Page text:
Modern living can often be busy and filled with pressures and distractions, which is why it’s so important to have an oasis to come home to. Mindfulness has proven to be an important tool to manage the busy nature of daily life and improve our wellbeing, helping us to focus on the present and what is around us. But how do we bring it into the home?
Here are some tips on how to turn your home into a space that can help us relax and improve our sense of wellbeing.
Declutter, declutter, declutter
Scientifically proven to reduce stress, the best way to begin incorporating mindfulness into your home is by decluttering. It’s easy to get distracted by the growing piles of stuff around us, and over time this could lead us to feeling anxious and finding it difficult to unwind, focus or even sleep properly.
Take a lead out of Marie Kondo’s bestselling book, The Life-Changing Magic of Tidying Up, and approach the task by tackling specific categories such as clothes and books, and working your way through your belongings methodically. This allows you to eliminate clutter in an easy, organised way.
Establish a sense of harmony
Once you’ve decluttered, you may well find yourself with extra space. You can use this benefit to make sure each room works well for you and your family, as well as arranging furniture in a way that creates a sense of grace and peace.
Begin by identifying the focal point of your room - it might be a fireplace, windows, or even a statement piece of furniture, like a bright sofa or strong table – and then build your space around that. It might also be a good idea to work with a theme, and vary your decor according to size, shape and texture, to create visual interest that still has a cohesive sense of harmony.
And remember, sometimes less is more. Decorating with negative space – that is, a place you’ve intentionally kept blank and empty- can make a strong statement, and also add a restful quality to a home. Keep clutter at bay with practical, storage solutions with the help of double duty furniture such as coffee tables, wall shelves and bedside tables.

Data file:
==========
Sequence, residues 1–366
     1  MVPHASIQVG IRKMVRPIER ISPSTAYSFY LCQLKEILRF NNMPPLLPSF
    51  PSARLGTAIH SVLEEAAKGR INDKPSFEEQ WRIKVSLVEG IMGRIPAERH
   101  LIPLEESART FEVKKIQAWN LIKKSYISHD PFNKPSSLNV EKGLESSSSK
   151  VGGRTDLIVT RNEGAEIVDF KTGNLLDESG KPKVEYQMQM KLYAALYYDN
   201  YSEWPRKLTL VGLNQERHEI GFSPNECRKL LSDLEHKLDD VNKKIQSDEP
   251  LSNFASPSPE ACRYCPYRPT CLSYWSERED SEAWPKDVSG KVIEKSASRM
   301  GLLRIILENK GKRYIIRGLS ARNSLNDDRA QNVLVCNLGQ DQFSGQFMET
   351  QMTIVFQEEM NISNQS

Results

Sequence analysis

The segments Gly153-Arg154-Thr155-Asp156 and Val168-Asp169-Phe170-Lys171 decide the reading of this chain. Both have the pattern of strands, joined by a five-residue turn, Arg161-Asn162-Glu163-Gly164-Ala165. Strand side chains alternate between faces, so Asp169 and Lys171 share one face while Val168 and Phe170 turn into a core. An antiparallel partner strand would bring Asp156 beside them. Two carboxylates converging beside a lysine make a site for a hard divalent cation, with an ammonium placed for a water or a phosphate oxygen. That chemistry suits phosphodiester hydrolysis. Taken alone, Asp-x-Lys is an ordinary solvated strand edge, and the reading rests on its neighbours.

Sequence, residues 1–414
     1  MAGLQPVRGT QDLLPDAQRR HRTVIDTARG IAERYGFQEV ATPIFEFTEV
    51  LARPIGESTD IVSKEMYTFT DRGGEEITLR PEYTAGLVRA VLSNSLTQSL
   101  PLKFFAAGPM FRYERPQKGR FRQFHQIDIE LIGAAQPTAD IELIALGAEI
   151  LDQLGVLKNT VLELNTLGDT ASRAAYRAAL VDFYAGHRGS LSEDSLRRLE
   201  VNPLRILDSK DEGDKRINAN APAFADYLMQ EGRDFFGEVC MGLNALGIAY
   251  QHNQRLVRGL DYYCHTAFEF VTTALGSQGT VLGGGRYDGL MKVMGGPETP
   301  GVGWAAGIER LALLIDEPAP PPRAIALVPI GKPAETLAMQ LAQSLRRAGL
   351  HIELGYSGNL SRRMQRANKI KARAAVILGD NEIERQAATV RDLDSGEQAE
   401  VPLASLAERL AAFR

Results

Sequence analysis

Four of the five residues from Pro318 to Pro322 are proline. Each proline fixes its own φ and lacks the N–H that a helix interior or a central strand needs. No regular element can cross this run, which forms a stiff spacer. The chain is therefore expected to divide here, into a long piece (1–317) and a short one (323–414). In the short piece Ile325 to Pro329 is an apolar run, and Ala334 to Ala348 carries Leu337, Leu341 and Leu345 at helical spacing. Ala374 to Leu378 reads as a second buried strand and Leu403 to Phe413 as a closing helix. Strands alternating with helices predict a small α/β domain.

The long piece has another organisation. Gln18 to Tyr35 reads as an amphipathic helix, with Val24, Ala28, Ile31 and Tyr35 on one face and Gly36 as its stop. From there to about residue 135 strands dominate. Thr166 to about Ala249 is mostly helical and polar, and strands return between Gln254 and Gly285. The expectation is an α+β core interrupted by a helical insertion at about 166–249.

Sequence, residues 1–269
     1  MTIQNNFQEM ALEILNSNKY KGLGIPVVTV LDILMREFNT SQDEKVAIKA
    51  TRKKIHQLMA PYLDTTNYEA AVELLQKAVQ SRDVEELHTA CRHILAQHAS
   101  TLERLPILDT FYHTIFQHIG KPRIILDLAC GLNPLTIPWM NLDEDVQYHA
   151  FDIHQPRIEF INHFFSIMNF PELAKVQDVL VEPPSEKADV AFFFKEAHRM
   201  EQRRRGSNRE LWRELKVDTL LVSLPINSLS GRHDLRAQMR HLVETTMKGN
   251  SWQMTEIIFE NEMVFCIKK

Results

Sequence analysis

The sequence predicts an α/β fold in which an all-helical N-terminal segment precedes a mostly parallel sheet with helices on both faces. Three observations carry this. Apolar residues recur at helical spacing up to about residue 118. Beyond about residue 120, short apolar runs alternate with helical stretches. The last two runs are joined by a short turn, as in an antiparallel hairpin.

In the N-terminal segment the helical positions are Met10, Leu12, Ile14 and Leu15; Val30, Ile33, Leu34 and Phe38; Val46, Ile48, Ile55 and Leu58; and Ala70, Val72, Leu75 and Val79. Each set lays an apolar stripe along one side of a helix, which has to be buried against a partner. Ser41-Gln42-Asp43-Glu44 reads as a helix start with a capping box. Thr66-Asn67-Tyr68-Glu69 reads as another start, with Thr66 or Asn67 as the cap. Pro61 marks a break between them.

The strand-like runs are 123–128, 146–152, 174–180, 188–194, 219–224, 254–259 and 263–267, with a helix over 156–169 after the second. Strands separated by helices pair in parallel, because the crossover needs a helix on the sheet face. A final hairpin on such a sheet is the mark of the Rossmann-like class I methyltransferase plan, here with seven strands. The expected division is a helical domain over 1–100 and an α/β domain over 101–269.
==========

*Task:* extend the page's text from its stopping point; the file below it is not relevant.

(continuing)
Establishing a connection with nature is another great way to integrate mindfulness into your home. Proven to soothe anxieties and boost mental wellness, having greenery and indoor plants around might be just the thing to wellness, bringing the outdoors in can also add beauty and character to your home.
You could add small details such as indoor plants or even an artfully arranged bowl of stones. Another tip is to look for furniture that is made from natural materials such as wood, clay or marble for a more coordinated look to your home.
The colours you pick to decorate your home can have an important on your wellbeing. Natural light is a key player when it comes to brightening spaces, so you may want to pick a shade that complements it.
Earthy neutrals such as beige or taupe inject an airy, tranquil feel to a room and is ideal for smaller spaces and apartments.
Grey is also a great shade that’s suitable for almost every part of the home, specifically the living area, study or bedroom. Grey gives a cosy feel to a room and is in the ideal position of being neither too dark nor too light, making it easy to match with your decor.
If you prefer bold hues you can still infuse them into the overall colour scheme as an accent shade. For example, yellow is an energetic and summer-ready shade, and offers cheerfulness and zest in small doses, whether it’s on furniture or on the walls.
On the other hand, if you like colour but still want to keep the look minimal, consider going pastel. Pastel shades are a perfect option if you want to experiment with calming colours in your home, and a great way to begin including colour into your decor without getting overwhelmed.
Your choice of colours may differ depending what room you’re decorating. For example, a colour with a lot of energy such as green, purple or red might work better in your kitchen or dining room, while soothing tones of blue and grey may work best in a room designed for relaxing, such as your bedroom.
Find out more about the psychology of different colour schemes here.
Disclaimer: The sole responsibility for any views expressed lies with the author(s). Any opinions shared do not necessarily represent the views of Saint-Gobain.